“There’s a lot that went into the songwriting. Most people talk about the song Arise – which is of course one of my favorites – but the album had a lot more than that. Dead Embryonic Cells has one of my favorite breakdowns. 

Mostly, I didn’t have many effects pedals – it was straight-up riffing

“I think at that time, I was approaching the songwriting at a very exciting level – mixing death metal and thrash metal together. We were listening to [Metallica's] …And Justice for All, but at the same time, we were listening to Morbid Angel – and trying to bridge them together somehow. 

“I think Arise showcases that – especially in the riffs. A lot of the riffs I wrote for the record is the pinnacle of the ‘death/thrash’ idea.

“It opened a lot of doors. We did the biggest tour ever for this record – something like 200 shows. It was the most ridiculous, crazy, longest tour ever. But we went everywhere – Russia, Indonesia, Australia. I’m very proud of Arise.

Which guitars, amps, and effects did you use during the recording of Arise?

“A white BC Rich Warlock was my favorite guitar at the time. I think we were into trying to get that crunchy Metallica sound – maybe we used some Mesa/Boogies. Probably some Marshalls, too. It was a combination. 

“It was definitely before Peavey – I’m using Peavey these days. I use a lot of 6505 Peaveys. That’s my favorite amp. 

“It was the first time we recorded in the US – we recorded at Morrisound [in Tampa, Florida]. And we had available for us for the first time a real studio – with people who knew about this kind of music. Scott Burns producing and Andy Wallace to mix – it made the record sound even better when Andy put his mixes on. Mostly, I didn’t have many effects pedals – it was straight-up riffing.” 

Which guitars, amps and effects do you use today?

“I’m using ESP guitars. I’ve been with ESP now for 25 years. I’ve got my own model, the RPR. Me and my friend, Chris Cannella – he’s in Deicide now – we designed it together. 

“My idea was to mix an Explorer and a Warlock. If the Explorer and a Warlock got together and fucked and had a baby… the RPR is what it would look like! It’s the bastard son of the Explorer and Warlock.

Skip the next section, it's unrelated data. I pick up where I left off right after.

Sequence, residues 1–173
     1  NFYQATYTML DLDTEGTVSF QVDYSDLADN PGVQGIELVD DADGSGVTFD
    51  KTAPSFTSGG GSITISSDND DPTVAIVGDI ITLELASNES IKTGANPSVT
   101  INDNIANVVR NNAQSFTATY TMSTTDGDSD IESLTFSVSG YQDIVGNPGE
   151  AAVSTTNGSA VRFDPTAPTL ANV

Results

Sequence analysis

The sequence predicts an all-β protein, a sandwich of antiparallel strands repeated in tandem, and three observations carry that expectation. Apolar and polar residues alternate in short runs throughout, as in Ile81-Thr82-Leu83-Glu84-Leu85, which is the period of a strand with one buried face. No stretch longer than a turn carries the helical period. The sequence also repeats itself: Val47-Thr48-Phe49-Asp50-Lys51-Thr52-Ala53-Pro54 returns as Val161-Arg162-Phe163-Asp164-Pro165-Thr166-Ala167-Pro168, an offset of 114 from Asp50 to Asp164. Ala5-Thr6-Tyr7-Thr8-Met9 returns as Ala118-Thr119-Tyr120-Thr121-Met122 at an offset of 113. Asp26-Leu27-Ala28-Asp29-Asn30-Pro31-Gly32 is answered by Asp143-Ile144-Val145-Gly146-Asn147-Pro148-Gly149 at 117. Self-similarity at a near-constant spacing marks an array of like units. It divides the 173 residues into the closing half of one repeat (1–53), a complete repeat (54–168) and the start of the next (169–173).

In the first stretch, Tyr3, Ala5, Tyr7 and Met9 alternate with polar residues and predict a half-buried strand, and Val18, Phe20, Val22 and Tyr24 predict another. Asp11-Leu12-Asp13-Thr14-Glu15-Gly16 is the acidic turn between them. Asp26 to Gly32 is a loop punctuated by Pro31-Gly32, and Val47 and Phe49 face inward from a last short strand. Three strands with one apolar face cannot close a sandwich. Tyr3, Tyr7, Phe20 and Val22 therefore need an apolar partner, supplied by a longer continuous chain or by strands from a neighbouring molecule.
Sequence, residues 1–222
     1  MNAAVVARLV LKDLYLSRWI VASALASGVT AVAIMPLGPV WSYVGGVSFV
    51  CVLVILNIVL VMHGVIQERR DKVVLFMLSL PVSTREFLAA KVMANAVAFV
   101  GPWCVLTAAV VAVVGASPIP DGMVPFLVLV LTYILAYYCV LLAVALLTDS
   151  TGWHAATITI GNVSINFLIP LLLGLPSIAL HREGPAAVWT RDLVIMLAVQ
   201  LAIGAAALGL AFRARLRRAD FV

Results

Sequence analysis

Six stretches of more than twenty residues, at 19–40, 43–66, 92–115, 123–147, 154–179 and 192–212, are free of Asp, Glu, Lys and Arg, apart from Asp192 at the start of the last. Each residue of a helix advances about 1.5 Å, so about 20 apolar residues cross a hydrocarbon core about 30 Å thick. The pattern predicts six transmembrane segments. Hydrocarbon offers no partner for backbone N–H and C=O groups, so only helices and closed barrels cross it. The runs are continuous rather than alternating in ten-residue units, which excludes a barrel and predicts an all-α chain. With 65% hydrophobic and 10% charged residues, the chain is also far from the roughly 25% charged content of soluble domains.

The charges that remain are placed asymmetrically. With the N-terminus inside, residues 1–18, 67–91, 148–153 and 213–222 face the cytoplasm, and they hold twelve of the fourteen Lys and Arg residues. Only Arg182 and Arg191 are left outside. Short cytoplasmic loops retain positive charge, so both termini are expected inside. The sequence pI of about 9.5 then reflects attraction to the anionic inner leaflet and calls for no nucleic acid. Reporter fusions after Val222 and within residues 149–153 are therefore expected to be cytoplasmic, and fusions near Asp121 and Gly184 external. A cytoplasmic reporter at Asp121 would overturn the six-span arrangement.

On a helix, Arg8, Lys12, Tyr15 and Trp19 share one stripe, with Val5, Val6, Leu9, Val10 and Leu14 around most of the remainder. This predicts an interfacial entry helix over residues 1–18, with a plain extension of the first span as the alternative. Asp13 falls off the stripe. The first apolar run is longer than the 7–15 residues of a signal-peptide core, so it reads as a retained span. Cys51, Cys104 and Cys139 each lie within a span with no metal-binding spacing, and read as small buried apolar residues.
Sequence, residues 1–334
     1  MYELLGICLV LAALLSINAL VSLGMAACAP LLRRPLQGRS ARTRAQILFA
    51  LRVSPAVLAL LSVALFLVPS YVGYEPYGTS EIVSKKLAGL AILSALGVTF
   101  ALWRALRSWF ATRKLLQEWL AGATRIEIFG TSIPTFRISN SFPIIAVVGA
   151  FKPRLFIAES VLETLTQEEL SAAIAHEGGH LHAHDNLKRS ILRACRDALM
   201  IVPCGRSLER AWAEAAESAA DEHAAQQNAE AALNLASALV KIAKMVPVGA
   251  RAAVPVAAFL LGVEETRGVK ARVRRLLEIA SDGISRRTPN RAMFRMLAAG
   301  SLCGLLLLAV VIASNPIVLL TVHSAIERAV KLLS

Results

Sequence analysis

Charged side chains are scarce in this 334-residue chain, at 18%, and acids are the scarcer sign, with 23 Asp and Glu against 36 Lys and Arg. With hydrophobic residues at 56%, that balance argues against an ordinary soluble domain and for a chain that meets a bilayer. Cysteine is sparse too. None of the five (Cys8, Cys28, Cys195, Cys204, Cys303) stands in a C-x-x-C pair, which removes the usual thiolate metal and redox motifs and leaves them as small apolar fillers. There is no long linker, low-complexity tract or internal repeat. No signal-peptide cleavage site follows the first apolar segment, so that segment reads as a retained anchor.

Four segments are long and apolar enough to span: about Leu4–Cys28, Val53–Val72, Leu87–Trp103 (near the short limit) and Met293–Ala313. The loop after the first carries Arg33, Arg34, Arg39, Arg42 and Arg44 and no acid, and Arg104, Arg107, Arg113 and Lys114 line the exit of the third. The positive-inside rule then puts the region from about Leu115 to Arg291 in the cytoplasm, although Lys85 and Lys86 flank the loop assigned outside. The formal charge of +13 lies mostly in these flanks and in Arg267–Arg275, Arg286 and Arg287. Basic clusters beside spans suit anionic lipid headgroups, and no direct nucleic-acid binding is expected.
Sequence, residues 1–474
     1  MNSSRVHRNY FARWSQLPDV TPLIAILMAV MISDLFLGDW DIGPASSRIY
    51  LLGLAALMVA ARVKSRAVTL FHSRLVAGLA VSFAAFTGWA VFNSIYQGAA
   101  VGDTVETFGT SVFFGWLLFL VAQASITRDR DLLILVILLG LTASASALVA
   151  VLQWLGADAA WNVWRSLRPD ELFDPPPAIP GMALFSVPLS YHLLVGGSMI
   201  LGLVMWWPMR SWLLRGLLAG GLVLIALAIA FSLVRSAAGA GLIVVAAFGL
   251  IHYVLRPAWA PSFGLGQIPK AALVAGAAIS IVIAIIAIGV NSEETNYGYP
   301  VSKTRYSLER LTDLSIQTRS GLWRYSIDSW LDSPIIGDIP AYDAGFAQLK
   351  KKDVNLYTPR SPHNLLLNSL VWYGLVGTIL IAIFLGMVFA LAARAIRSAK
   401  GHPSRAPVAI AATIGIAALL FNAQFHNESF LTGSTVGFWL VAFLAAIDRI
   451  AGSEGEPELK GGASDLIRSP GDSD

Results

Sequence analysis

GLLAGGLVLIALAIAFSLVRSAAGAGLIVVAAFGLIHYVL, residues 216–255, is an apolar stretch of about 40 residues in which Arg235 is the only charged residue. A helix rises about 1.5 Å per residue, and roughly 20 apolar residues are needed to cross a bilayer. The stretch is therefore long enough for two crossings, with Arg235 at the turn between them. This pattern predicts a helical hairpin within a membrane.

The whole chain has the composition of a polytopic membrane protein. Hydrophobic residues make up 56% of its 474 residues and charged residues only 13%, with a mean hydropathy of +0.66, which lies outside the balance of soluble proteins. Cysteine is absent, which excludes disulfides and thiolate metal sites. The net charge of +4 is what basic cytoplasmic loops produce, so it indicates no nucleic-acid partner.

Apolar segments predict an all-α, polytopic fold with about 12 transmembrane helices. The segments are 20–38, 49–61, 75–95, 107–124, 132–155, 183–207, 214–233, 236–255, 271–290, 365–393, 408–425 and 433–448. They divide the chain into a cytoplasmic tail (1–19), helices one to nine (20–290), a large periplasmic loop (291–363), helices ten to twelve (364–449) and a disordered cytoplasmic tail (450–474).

“I’m using mostly Peavey 6505s. And then I’ve got three pedals that I use – a chorus, a Boss Auto Wah, and a tuning pedal… a drop-tune pedal [DigiTech Drop]. 

“I don’t think they make the Auto Wah anymore. It’s just wicked and crazy when you step on it – it is louder than anything on the stage. My soundman used to hate that pedal!”

What is the status of Soulfly’s next studio album? 

“Right now we are working on a Soulfly record. We have been working on it since February/March. It’s being produced by Arthur Rizk – he did a lot of stuff that I really like, including the Cavalera Conspiracy record [2017’s Psychosis], Power Trip, and underground stuff. 

“Arthur has got a really unique way of getting stuff out of the artists that would not come out normally. We’ve found some really cool riffs and cool songs for this next album.”

Is it possible that Dino will appear on the next Soulfly album?

“Yeah – the door is open. Right now we’re still working on the record, so there is always a possibility. We have not made any concrete plans for that yet – we’re just going to see. 

“We’re going to go on tour, we’re going to see how the tour goes. First thing’s first – take care of the tour first. We want to make the songs sound amazing. 

“I’m working my ass off on guitar playing – I’m really concentrating on that. And I really want to gel with Dino on the rhythm parts, and then let him do whatever he wants on the solo parts – that will be up to him to go crazy and improvise. 

“After that, there is always a chance we book a studio and record some stuff with him. That would be awesome. It’s a really cool idea – but we don’t have anything booked for that yet.” 

  • Soulfly tour the US in August and September – dates are listed on their official website (opens in new tab).

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Greg Prato

Greg is a contributing writer at Guitar World. He has written for other outlets over the years, and has been lucky to interview some of his favorite all-time guitarists and bassists: Tony Iommi, Ace Frehley, Adrian Belew, Andy Summers, East Bay Ray, Billy Corgan, Alex Lifeson, Geddy Lee, Les Claypool, and Mike Watt, among others (and even took lessons from John Petrucci back in the summer of ’91!). He is the author of such books as Grunge Is Dead: The Oral History of Seattle Rock Music, Shredders: The Oral History of Speed Guitar (And More) and Touched by Magic: The Tommy Bolin Story.